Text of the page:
When it comes to colouring your hair, your possibilities are endless. I recently heard about a hair care company called Madison Reed, who specialize in hair dye. They have re-engineered hair colour, making it a healthier, salon-quality alternative. They created dye that is free of PPD, sulfates, resorcinol, ammonia and gluten! Since you surely don't want to damage your hair too much when colouring it, this alternative might be worth a look.

What do you think about this topic? And what hair colour are you sporting for summer? Let me know!

xx, Misch

Saturday, 28 March 2015

Nail Art & Review: BornPrettyStore Nail Polish Pen

Time for some nail art! The nail art design I am showing you here features the Nail Polish Pen from BornPrettyStore in colour #2, black.
It is a black pen with a cap, under which the tip lies. It's rather small and very pointy, a good thing for details and fine lines. You have to shake the pen really well, and then press the tip down on a piece of paper. Pump until the product comes out and covers the tip. Then you can start to draw!
The nail polish is highly pigmented and you can immediately get a clear and visible line. It's also quite simple to draw with it; it of course requires a steady hand, but it really glides over your nail.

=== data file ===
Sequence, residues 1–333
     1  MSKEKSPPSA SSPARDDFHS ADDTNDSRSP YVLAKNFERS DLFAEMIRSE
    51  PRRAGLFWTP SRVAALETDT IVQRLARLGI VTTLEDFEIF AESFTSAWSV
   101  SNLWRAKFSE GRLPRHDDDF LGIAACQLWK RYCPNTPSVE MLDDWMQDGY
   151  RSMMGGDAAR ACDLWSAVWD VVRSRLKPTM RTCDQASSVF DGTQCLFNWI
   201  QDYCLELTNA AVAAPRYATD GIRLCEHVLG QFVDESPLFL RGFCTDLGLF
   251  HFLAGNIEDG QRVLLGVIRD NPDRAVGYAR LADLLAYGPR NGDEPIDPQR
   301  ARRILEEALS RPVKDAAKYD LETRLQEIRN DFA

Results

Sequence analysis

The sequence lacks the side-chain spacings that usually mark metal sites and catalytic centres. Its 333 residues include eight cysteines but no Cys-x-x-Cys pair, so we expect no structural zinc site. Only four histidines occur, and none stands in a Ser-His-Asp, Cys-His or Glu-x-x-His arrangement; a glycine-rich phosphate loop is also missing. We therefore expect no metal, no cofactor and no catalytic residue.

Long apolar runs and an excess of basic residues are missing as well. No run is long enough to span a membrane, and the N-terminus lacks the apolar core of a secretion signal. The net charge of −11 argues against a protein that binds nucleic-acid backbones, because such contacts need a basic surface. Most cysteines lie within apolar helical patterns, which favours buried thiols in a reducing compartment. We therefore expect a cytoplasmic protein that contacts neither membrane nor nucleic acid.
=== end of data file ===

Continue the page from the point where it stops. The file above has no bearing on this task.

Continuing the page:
The only tiny problem I experienced was that after some drawing, no nail polish would come out, no matter how often I pumped. But when I let it sit for a while, it worked all fine again. Maybe I was pushing it.
The colour stays very well, but keep in mind to use a top coat on it! If you don't, your design will eventually wash off.
All in all, I'm a huge fan of this nail art pen. It's way easier to handle than regular nail polish, and your possibilities with it are endless. I can definitely recommend it!
Products used for the design:
Essie - Not Just A Pretty Face (nude base colour)
BornPrettyStore Nail Art Pen #2 Black (floral details)
top coat

If you want to get your own nail art pen, be sure to use the code MS10K31 when checking out, so you get 10% off your order!